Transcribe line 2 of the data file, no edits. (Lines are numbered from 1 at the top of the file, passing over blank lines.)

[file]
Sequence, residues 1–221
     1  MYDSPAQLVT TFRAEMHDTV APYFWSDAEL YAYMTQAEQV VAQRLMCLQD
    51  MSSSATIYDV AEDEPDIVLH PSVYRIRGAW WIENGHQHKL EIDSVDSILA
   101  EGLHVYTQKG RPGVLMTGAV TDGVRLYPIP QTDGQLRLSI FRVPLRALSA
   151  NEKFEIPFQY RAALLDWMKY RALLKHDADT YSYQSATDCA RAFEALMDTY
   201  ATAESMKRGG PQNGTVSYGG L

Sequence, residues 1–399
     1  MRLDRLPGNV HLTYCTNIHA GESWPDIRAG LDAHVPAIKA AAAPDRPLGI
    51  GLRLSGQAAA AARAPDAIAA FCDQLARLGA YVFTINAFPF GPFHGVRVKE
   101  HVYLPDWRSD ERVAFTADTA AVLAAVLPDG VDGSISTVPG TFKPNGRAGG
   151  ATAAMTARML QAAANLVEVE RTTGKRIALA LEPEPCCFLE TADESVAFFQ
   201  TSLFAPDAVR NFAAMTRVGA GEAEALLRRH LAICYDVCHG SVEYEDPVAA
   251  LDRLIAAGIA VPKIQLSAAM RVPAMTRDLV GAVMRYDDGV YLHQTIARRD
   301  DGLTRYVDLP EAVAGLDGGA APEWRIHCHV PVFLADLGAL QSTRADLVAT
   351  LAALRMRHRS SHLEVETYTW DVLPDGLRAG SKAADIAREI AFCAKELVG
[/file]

     1  MYDSPAQLVT TFRAEMHDTV APYFWSDAEL YAYMTQAEQV VAQRLMCLQD